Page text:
Is being empathetic a bit like being psychic? That is an interesting way of looking at empathy/ESP (not English for Specific Purposes, for once!). If I had to define or analogize empathy, I think I’d probably say its closest cousin is experience. If you haven’t experienced a similar situation to someone else, then I don’t think you have any chance of being able to empathize. The borders between empathy and sympathy are often confused too!

      When you get into discussions of 以心伝心, then several points need to be addressed. Firstly, this is one of the ubiquitous four-character ‘proverbs’ that are so beloved in Japan. Often, I felt that Japanese speakers used these as a kind of shorthand, in the same way that we might say “Too many cooks” or “Two birds”. Interestingly, it seems that English speakers rarely use the proverb in its complete form (if anyone doubts this, try a corpus search!), but the proverbs are a part of the culture. Without wanting to stereotype anyone, I think it would be fair to say that Japanese society has traditionally been of the ‘one mind’ approach where individuality (disharmony) is strongly discouraged, whereas American culture (US here, Canadians are slightly different 😉 ) seems to be particularly individualistic (e pluribus unum would be a better motto for Japan!).

      The fact that you/Tom said: “… is a kind of empathy” also suggests cultural connotations which are not there for non-Japanese people. 伝 could translate, roughly, as: communication, connection,… not to mention legend or comment or … 心 is often used in Japanese academic words where the English equivalent uses psych-, rather than soph- (compare psychology with philosophy or sophistry for example). So mind/heart/soul…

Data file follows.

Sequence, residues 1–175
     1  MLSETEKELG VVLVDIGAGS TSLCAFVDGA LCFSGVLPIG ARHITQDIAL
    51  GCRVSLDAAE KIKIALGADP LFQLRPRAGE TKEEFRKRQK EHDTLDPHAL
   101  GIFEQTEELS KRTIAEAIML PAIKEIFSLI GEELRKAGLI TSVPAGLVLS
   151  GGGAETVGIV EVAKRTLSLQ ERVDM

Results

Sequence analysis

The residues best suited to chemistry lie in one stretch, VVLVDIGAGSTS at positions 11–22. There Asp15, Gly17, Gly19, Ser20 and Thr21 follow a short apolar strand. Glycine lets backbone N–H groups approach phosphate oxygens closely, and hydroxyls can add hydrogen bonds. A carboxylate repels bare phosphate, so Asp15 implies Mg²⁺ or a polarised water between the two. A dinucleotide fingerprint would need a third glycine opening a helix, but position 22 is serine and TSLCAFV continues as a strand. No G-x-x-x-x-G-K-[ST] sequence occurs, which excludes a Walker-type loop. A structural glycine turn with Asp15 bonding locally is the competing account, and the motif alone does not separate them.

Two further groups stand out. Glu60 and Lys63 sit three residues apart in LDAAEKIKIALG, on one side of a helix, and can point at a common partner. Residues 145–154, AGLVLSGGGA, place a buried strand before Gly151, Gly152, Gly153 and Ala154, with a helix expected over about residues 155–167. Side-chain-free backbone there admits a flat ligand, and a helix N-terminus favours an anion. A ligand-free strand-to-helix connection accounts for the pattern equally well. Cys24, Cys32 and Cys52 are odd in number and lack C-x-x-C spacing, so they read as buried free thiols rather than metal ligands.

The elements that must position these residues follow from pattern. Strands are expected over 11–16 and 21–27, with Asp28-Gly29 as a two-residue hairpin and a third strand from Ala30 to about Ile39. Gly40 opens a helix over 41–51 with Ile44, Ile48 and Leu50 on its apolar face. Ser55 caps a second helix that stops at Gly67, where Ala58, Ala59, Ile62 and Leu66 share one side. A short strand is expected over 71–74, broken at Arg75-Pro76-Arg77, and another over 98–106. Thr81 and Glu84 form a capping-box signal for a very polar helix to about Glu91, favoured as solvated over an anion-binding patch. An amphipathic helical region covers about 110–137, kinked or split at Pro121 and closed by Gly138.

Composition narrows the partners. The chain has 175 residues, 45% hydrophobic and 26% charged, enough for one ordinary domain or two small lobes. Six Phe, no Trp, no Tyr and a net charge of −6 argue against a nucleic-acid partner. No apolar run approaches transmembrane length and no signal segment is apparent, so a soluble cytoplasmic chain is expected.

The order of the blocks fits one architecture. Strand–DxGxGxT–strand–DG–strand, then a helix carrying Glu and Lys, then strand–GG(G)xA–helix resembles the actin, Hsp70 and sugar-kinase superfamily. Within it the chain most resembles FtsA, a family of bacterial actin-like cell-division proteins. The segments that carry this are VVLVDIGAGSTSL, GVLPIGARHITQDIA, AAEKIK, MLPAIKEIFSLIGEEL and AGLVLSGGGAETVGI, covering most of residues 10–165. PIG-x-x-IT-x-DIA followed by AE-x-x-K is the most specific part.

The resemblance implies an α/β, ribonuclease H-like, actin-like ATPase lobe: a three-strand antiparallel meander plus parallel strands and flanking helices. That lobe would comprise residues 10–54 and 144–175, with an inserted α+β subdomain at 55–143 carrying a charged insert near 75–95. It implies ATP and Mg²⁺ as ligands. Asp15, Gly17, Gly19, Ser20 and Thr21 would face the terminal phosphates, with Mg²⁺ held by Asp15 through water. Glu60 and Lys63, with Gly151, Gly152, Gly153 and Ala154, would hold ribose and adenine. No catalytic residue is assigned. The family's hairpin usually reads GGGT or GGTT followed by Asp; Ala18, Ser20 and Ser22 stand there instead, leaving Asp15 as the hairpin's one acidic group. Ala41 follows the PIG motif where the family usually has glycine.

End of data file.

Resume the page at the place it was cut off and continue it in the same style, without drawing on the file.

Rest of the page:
I would say 以心伝心 could be explained in English as “telepathy, shared understanding, sympathy or communication between two minds“. Shared understanding is close to empathy, but not quite the same for me! It would probably be a big help if more people were psychic, and the cultural inhibitions or pragmatic conversation ‘rules’ were not there!

      Is 以心伝心 a kind of wisdom? Well if wisdom is related to soph- as it seems to be in our cultural backgrounds (Western for lack of a better term), then no. But there is more to wisdom than just the mind, which brings us back to Aristotle…

      😀

  3. Wow Colin what a lot to digest, it’s still only 8 am here and I’m still suffering from jet lag 🙂 Thanks!
    I must admit, I’ve not studied much philosophy – only a bit in my literature, criticism, poli sci and theology classes. Once I decided the priesthood wasn’t for me I didn’t see the use of studying philosophy LOL! So, I had to remind myself of what sophism was all about.
    Oh btw, the wikipedia article on Sophism claims that the Sophists were social constructionists. I thought that was interesting.
    Rather amazingly, since I’ve been in Japan for 13 years now, I’ve only recently learned that 心 can be used to mean psych- as you mentioned above. I learned it when I started asking students about their other classes eg. “What’s your next class?” I find this difference interesting. Of course, as I think you implied before, 心 isn’t exactly heart, so it would be erroneous to extrapolate from here that Japanese see psychology as a study of emotion more than a study of thought and reason. Although I must say I think human beings think with their hearts and not with their heads, but that’s just me.